Yes, the people alive on the last judgment will go, body and soul, into their final destination, and thus not experience a separation of the body and the soul, i.e. death.
What is death?
Death is understood in the Catholic faith as a separation of the soul and the body. As Father John Echert writes:
At the moment of death, the soul is separated from the body and no
longer sustains order within the natural body
What happens upon death?
When someone dies, they undergo particular judgment defined by the Catholic Encyclopedia as:
The Catholic doctrine of the particular judgment is this: that
immediately after death the eternal destiny of each separated soul is
decided by the just judgment of God. Although there has been no formal
definition on this point, the dogma is clearly implied in the Union
Decree of Eugene IV (1439), which declares that souls leaving their
bodies in a state of grace, but in need of purification are cleansed
in Purgatory, whereas souls that are perfectly pure are at once
admitted to the beatific vision of the Godhead (ipsum Deum unum et
trinum) and those who depart in actual mortal sin, or merely with
original sin, are at once consigned to eternal punishment, the quality
of which corresponds to their sin (paenis tamen disparibus). The
doctrine is also in the profession of faith of Michael Palaeologus in
1274, in the Bull "Benedictus Deus" of Benedict XII, in 1336, and in
the professions of faith of Gregory XIII and Benedict XIV.
After the particular judgment, their soul will be in the condition of eternal suffering (Hell), eternal happiness (Heaven), or a purging period for temporal punishment due to sin (Purgatory) then eternal happiness. Eternal happiness is eventually guaranteed when a soul reaches purgatory since no soul in purgatory ends up in Hell according the the Catechism of the Catholic Church:
1031 The Church gives the name Purgatory to this final purification of
the elect, which is entirely different from the punishment of the
damned. The Church formulated her doctrine of faith on Purgatory
especially at the Councils of Florence and Trent. The tradition of the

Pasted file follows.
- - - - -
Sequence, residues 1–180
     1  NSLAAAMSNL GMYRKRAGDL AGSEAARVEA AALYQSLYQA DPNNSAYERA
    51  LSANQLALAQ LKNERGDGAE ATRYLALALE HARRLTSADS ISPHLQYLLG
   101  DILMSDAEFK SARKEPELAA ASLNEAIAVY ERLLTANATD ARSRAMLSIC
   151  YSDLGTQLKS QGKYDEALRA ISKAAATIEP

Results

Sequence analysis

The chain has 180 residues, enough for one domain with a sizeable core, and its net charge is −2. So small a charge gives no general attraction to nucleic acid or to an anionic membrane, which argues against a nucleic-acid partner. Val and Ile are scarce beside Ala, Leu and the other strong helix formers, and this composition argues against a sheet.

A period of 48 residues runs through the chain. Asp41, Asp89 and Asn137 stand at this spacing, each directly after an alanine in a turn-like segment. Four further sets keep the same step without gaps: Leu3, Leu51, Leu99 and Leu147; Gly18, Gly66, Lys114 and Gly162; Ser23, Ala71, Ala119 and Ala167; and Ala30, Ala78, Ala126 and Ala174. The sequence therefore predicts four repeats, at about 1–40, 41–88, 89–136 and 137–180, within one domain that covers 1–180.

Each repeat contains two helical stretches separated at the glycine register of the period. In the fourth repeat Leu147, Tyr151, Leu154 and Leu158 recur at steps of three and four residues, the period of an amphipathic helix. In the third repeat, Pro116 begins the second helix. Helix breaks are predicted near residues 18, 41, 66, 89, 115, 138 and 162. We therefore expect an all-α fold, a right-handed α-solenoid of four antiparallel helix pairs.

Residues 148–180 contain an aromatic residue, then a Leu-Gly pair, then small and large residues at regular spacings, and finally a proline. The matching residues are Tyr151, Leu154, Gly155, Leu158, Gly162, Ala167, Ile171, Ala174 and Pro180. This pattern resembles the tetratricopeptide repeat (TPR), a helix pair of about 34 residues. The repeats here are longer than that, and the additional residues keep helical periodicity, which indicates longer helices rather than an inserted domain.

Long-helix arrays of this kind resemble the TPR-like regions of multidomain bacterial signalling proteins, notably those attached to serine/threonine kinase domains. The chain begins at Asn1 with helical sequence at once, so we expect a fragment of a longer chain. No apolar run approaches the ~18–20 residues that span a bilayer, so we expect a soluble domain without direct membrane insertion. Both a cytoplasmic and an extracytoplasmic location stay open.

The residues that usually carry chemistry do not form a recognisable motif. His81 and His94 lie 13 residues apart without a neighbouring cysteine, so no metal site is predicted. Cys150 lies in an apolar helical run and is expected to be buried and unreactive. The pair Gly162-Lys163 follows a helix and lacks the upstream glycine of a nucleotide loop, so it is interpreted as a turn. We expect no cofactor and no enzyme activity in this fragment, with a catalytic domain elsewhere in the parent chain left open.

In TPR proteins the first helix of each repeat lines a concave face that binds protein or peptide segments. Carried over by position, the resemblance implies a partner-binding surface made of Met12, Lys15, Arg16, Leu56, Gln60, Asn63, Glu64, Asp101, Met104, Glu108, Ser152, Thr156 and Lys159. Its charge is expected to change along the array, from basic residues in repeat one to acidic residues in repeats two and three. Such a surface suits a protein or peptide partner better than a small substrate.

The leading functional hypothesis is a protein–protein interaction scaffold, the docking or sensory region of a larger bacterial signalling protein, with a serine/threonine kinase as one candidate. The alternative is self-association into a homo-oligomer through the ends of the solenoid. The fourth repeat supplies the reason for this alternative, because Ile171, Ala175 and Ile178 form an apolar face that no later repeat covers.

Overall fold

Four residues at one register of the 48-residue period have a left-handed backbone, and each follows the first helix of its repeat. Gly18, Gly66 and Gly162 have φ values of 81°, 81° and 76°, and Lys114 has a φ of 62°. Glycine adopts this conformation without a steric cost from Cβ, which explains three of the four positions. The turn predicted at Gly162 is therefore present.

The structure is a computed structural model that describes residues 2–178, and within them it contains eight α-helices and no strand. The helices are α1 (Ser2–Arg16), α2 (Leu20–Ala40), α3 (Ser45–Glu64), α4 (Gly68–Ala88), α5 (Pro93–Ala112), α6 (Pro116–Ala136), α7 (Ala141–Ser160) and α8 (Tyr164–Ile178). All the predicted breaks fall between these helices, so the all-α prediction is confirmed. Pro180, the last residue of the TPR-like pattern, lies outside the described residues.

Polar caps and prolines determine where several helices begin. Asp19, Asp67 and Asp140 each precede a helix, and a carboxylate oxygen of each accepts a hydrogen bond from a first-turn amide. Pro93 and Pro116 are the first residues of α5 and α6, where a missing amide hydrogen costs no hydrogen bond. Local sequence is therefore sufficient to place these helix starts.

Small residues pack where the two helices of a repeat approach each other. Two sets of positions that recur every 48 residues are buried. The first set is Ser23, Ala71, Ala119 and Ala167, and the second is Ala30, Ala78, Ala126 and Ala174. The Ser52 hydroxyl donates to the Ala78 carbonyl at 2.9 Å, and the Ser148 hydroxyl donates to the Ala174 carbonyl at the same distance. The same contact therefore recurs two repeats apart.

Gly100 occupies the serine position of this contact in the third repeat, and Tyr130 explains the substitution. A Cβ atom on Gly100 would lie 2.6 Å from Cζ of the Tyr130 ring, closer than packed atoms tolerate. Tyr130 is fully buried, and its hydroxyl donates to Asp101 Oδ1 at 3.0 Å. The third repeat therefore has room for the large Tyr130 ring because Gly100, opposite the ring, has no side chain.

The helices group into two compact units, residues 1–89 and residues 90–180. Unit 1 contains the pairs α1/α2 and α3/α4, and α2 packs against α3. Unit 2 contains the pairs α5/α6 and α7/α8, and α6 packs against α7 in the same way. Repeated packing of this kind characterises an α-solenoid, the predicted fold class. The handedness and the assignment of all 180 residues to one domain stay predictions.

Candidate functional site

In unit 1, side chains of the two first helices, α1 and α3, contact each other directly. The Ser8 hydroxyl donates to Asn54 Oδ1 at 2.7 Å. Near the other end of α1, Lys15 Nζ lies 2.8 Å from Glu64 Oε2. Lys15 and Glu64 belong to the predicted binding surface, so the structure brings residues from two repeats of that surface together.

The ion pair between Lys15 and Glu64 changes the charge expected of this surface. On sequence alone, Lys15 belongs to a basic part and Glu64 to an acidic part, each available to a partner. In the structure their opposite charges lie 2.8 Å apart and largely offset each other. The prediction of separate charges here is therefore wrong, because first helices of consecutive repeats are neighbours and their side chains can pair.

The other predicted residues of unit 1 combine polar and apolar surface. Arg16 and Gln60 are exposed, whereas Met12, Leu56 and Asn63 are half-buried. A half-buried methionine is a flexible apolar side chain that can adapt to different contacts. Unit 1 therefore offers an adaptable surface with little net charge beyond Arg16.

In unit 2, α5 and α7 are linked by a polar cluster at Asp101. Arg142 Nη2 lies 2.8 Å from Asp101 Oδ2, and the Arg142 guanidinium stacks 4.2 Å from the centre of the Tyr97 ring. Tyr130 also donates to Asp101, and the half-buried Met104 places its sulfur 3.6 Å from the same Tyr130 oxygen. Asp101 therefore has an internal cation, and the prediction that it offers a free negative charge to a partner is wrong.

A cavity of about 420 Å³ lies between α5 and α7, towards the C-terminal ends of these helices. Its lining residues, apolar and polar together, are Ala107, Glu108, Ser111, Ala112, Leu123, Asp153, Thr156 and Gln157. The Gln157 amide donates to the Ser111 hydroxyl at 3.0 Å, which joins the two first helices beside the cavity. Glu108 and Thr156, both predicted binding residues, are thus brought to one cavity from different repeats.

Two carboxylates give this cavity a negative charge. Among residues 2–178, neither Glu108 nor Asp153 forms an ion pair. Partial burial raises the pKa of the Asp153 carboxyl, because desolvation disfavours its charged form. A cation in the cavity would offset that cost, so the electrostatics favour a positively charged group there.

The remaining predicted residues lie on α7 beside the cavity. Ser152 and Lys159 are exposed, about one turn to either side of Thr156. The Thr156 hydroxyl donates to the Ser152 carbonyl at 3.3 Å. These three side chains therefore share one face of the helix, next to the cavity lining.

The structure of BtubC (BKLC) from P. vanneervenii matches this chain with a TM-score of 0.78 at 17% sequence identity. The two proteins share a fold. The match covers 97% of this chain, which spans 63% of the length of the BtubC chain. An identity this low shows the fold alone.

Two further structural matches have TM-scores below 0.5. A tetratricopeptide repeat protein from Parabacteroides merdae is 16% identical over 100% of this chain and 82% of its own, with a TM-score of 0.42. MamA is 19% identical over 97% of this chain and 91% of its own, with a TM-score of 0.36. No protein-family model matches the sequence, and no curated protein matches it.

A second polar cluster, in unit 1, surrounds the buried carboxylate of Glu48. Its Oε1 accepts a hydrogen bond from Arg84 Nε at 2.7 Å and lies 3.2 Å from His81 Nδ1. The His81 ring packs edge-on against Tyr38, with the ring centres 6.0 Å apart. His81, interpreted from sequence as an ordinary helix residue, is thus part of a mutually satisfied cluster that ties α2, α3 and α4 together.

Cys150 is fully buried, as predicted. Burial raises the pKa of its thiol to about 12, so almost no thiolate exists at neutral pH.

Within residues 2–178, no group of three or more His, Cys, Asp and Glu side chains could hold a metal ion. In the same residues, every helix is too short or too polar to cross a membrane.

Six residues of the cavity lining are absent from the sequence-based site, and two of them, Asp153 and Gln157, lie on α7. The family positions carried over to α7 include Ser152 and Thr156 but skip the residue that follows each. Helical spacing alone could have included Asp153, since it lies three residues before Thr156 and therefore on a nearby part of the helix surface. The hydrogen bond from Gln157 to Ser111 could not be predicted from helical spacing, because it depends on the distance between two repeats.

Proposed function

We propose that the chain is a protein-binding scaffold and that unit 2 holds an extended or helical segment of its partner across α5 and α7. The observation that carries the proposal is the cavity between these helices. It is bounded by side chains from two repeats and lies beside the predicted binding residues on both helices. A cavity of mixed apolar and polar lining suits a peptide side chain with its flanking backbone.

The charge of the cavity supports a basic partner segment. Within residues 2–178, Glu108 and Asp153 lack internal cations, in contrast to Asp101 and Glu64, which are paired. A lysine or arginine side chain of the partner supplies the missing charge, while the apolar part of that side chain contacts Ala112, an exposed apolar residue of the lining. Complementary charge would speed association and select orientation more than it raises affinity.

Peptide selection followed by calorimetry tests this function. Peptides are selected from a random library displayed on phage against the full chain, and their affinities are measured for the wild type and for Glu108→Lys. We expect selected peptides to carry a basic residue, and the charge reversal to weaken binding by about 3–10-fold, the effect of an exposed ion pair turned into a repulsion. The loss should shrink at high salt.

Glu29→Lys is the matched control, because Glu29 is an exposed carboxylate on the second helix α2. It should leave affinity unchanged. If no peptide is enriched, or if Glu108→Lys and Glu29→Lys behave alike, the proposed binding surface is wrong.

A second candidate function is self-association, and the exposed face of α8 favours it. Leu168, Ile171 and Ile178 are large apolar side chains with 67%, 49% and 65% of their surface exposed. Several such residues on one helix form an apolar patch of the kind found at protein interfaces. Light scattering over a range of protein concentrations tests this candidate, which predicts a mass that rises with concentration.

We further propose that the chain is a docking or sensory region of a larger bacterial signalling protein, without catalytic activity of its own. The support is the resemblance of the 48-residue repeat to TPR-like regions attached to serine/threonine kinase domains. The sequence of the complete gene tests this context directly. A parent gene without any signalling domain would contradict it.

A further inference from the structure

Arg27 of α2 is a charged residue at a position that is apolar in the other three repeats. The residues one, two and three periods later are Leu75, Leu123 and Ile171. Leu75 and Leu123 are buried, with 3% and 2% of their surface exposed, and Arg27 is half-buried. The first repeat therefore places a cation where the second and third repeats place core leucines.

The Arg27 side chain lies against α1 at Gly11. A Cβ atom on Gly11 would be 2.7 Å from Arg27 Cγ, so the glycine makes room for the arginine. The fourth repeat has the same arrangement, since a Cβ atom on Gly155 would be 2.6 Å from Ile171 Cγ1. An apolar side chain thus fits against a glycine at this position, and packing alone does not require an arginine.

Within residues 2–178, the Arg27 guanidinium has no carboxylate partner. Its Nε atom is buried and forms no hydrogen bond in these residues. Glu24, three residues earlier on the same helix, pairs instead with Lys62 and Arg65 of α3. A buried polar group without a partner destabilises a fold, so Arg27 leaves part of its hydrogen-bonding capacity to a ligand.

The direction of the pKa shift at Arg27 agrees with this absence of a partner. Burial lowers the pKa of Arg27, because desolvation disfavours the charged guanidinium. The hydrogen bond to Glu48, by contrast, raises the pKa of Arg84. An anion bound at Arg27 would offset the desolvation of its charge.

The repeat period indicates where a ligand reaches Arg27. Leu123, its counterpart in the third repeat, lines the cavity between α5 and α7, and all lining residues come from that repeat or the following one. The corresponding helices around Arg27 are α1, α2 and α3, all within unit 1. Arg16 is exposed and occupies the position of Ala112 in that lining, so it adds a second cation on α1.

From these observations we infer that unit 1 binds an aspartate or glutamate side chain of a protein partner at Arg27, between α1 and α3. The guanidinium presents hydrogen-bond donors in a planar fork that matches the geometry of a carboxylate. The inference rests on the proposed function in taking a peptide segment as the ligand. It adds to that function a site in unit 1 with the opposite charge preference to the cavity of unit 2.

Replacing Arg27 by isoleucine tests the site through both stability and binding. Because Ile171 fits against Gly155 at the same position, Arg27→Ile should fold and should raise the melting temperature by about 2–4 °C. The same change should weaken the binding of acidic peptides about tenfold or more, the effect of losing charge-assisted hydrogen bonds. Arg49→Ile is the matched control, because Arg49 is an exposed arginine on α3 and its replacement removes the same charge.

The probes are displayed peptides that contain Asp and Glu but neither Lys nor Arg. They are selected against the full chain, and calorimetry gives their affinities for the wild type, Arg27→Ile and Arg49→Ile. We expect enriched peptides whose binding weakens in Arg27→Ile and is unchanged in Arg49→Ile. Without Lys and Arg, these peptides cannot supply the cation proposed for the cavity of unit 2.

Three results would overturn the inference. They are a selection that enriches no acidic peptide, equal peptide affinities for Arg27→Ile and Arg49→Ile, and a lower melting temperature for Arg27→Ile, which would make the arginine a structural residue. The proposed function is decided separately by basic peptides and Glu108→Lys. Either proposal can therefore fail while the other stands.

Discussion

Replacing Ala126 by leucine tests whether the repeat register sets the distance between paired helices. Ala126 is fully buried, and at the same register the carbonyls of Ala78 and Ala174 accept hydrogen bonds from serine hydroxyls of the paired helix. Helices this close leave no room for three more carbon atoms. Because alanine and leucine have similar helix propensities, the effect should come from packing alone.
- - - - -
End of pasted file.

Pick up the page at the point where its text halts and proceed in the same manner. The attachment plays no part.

Church, by reference to certain texts of Scripture, speaks of a
As for certain lesser faults, we must believe that, before the Final
Judgment, there is a purifying fire. He who is truth says that whoever
utters blasphemy against the Holy Spirit will be pardoned neither in
this age nor in the age to come. From this sentence we understand that
certain offenses can be forgiven in this age, but certain others in
the age to come.
Once a person faces particular judgment, there is no changing that judgment as Father Paul K. Raftery writes:
The state of the dead up to this point [after particular judgement] had been one of souls abiding
in separation from the body. But at the general judgment this
separation of body and soul will be for ever ended. From this moment
on men will have that union of body and soul God always intended for
them. However, the appearance of the body for these two groups will be
vastly different. The bodies of the blessed will be radiant with
divine light, but those of the condemned will manifest the twisted and
dark soul that is within (See Suppl. 75, 2, ad 3). Whatever the state
of the soul is, that the body will reveal.
What happens at the last judgment?
At the last judgment, the souls of the dead will be reunited with their bodies, and the consequences of their actions will be made known to all according to the Catechism paragraph 1038:
1038 The resurrection of all the dead, "of both the just and the
unjust," will precede the Last Judgment. This will be "the hour
when all who are in the tombs will hear [the Son of man's] voice and
come forth, those who have done good, to the resurrection of life, and
those who have done evil, to the resurrection of judgment." Then
Christ will come "in his glory, and all the angels with him. . . .
Before him will be gathered all the nations, and he will separate them
one from another as a shepherd separates the sheep from the goats, and
he will place the sheep at his right hand, but the goats at the left.
. . . And they will go away into eternal punishment, but the righteous
into eternal life."
and paragraph 678 respectively:
678 Following in the steps of the prophets and John the Baptist, Jesus
announced the judgment of the Last Day in his preaching. Then will
the conduct of each one and the secrets of hearts be brought to
light. Then will the culpable unbelief that counted the offer of
God's grace as nothing be condemned. Our attitude to our neighbor
will disclose acceptance or refusal of grace and divine love. On
the Last Day Jesus will say: "Truly I say to you, as you did it to one
of the least of these my brethren, you did it to me."
So how does the last judgment apply to those who are still living?
The same happens for the living at the time, and they will NOT die (and thus, strictly speaking, not face particular judgment), but rather directly undergo the last judgment and be sent to their final condition, body and soul, for eternity.
The parameters that apply to both the living and the dead, however, will be identical, save that those living at the time of the last judgment will not need to have their soul reunited with their body.
And thus we go full circle. Your reading from 1 Thessalonians confirms this:
Then we who are alive, who are left, will be caught up together with
them in the clouds to meet the Lord in the air, and so we will always
be with the Lord.